‘Imperative’ means that it’s something we must do. It matters. For instance, it’s imperative to stop human trafficking.
Obviously it’s an imperative to stop a pandemic, even if hypothetically it might kill someone who once got away with murder.
The selfish people who are refusing to comply with basic social distancing and hygiene are doing more than being selfish, which is well within the range of ordinary human behavior. They are putting others at risk. They are doing it because they refuse to pay attention, to read, or to think harder. This is why I’m spending so much time on this abstruse philosophical concept, to help people explain morality to those questioners and rebels who aren’t getting it.
This is how I have been explaining the categorical imperative to children for years:
“If you brush your teeth, you’re saying that everyone should brush their teeth.” *nod*
“If you’re nice to animals, you’re saying that everyone should be nice to animals.” *nod*
“If you yell at people, you’re saying that other people should yell at you.” *blink*
What selfish people are saying with their actions when they break quarantine is basically, I am willing to take a risk that endangers almost every living human being. Breaking the rules isn’t just breaking rules now. It’s potentially infecting people who won’t even know it for as long as two weeks.
So that guy uses the pull-up bar, thinking it doesn’t matter because he is the only one to be that clever. What he doesn’t know is that there are 25 other guys using it as well, each one thinking the same thing. Coronavirus may be able to survive on metal surfaces for several days. Same with the playground equipment. Not only is a single user potentially contaminating the area and directly spreading a fatal and highly contagious disease, but his very presence is undermining the entire idea of social distancing.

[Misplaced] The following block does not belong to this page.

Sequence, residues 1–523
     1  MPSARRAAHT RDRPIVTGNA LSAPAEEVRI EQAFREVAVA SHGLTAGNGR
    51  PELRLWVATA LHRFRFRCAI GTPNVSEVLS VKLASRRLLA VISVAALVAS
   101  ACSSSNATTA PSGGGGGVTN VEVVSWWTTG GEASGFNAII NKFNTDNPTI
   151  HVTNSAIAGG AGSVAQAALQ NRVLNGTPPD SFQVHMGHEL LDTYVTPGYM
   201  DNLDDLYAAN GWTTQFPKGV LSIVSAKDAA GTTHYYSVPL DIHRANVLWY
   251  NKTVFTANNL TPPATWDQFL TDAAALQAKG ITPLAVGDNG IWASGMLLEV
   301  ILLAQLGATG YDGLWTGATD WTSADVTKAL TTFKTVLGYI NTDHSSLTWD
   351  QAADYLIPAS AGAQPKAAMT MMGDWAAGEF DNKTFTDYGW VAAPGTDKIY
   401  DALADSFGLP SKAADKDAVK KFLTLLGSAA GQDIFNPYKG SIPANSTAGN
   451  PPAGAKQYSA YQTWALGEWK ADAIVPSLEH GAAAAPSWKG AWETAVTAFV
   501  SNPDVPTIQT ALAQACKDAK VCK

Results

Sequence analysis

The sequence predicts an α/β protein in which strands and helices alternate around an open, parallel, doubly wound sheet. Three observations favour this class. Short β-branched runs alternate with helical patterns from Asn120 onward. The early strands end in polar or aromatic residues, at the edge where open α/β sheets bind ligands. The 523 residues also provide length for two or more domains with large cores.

The most dangerous diseases that we spread to one another are pseudoscience, toxic skepticism, and callous disregard for others.
People don’t always take something seriously until it happens to them, or to someone close enough to them in their social group. Texting and driving is a perfect example. Everyone does it even though they obviously know it’s both wrong and a bad idea. I think the most extreme toxic skeptics won’t take COVID-19 seriously until one of their close friends or family members dies from it. Or when they themselves are getting a ventilator hose down their throat.
You know me, and that means you are three degrees of separation away from three people who have tested positive. One of them died. Most people probably won’t be motivated by an anecdote like this. It’s just statistics until it happens to you.
Okay, now for the part that I am asking you to show to others. This is a list of links that I have been checking regularly. (I won’t lie; I check them several times a day). Ask them to scroll down to the trend lines and PAY ATTENTION.
COVID-19 coronavirus cases and deaths, US
COVID-19 coronavirus cases and deaths, global
Coronavirus cases, US map
Coronavirus cases, world map
I've been working with chronic disorganization, squalor, and hoarding for over 20 years. I'm also a marathon runner who was diagnosed with fibromyalgia and thyroid disease 17 years ago.